The British Empire Library

The Scent of Eucalyptus: A Journal of Colonial and Foreign Service

by Richard N. Posnett

Courtesy of OSPA

Review by Sir Rex Hunt (Uganda 1951-62, CRO/FCO 1963-85, Falkland Islands 1980-85)
Richard's book is a conventional autobiography, moving chronologically from childhood in India through his years in the Colonial Service and various posts in the Diplomatic Service to a nostalgic return to India to his father's church (now a cathedral). He explains the title of his book in the first chapter.

Uganda naturally takes up a large part of the book. All is eminently readable, but the fifty or so pages covering Richard's return to Uganda in 1979 are an absolute must. David Owen knew what he was doing when he chose Richard to go back and make contact with his old friends who were attempting to overthrow Idi Admin. He seized the opportunity and was on his way within 36 hours. The rest reads like a Frederick Forsyth novel and shows how useful 'colonial retreads' can be when posted back to their old territories. (Sadly, the 'Heaven born' had always taken the opposite view).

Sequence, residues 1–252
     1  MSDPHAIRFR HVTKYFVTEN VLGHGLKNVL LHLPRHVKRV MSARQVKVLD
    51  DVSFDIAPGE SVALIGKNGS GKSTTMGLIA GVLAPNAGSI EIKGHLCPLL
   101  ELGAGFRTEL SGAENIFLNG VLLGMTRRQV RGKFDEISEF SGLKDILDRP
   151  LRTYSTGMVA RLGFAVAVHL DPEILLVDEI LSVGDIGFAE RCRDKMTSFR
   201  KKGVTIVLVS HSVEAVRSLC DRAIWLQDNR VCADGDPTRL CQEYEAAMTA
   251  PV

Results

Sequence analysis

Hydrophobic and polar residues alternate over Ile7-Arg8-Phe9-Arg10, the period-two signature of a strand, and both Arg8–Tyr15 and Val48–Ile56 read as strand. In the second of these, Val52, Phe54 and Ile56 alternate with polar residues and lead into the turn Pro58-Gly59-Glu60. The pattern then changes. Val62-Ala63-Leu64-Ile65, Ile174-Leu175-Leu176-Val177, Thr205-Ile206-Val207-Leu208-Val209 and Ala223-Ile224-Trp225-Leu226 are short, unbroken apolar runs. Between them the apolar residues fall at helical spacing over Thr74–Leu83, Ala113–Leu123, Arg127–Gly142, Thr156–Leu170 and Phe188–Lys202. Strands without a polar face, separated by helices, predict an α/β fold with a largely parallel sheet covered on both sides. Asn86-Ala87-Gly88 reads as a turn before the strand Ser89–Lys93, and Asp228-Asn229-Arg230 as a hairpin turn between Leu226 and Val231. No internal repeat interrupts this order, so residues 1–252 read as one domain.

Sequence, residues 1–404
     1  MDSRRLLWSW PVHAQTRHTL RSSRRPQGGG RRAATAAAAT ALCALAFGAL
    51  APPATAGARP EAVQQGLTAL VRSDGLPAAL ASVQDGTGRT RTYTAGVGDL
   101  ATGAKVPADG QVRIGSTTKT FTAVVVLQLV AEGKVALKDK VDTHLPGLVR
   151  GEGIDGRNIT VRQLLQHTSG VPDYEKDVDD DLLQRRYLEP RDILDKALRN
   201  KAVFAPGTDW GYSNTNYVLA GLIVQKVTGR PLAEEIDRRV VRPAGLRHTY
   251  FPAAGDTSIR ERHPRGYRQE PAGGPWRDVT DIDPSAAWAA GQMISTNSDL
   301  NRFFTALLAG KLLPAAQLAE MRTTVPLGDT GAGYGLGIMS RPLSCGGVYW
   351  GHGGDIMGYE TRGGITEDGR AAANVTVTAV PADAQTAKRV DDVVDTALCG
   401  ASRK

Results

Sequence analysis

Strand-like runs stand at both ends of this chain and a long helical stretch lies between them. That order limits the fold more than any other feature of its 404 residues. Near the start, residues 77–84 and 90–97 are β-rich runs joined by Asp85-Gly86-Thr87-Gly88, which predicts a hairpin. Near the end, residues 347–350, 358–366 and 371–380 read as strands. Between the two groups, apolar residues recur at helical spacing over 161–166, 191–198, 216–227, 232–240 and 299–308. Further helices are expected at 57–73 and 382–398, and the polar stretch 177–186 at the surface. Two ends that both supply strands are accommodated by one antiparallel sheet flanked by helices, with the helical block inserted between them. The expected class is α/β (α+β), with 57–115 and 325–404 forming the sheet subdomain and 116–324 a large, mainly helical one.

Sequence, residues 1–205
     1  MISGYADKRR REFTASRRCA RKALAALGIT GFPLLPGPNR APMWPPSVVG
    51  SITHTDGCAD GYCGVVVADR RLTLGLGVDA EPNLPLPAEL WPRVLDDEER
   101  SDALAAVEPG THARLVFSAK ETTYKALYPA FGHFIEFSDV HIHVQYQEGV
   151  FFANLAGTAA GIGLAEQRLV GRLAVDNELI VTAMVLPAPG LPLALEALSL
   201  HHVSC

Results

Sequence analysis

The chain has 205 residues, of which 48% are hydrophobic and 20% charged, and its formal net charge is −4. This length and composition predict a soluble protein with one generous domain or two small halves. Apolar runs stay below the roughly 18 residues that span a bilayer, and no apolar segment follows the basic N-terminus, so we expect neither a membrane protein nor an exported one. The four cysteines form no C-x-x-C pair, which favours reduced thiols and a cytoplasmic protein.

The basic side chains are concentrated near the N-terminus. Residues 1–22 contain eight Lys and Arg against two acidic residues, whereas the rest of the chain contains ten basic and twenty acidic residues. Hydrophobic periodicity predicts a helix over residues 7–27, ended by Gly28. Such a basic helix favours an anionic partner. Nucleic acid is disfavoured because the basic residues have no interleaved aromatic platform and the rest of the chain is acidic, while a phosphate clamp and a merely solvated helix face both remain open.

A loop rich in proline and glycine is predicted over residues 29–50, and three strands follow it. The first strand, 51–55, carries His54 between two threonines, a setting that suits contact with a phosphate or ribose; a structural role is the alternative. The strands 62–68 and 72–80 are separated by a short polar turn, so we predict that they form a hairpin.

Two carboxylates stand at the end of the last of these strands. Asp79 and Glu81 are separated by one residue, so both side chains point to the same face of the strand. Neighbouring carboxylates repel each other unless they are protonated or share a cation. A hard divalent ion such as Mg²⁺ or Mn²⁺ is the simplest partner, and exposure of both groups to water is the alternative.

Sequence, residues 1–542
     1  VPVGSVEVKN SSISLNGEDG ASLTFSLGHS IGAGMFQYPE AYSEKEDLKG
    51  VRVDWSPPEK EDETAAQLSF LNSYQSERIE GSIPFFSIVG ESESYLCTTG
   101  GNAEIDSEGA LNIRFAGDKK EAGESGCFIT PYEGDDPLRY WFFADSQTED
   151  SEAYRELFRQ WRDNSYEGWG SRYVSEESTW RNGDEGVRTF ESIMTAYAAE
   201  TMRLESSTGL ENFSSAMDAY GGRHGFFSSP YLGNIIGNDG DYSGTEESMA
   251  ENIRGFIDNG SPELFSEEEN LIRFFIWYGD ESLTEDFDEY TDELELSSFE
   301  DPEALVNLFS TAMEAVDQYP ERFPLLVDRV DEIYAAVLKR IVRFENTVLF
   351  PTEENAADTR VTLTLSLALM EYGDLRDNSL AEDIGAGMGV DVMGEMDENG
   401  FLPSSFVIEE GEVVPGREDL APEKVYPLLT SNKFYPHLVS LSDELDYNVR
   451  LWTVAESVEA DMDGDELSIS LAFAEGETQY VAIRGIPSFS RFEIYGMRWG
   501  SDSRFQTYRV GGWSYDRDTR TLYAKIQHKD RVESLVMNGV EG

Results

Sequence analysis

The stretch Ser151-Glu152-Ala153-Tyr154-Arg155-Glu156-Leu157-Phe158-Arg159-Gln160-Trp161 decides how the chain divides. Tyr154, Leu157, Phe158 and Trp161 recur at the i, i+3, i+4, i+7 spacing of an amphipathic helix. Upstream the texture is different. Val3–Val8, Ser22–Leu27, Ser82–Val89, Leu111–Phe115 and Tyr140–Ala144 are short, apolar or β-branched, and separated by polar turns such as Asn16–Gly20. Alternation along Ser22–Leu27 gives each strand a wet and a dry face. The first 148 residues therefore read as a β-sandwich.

Before returning to Uganda, Richard had spent four years in New York with the UK delegation to the UN, followed by a stint in the FCO as Head of the West Indian Department, after which he had been appointed Governor of Belize. After Uganda, he retired from the Diplomatic Service, but was recalled to be Governor of Bermuda. He sums up his views on colonialism in a chapter called 'The New Romans', with which I heartily agree.

British Empire Book
Richard N. Posnett
The Radcliffe Press


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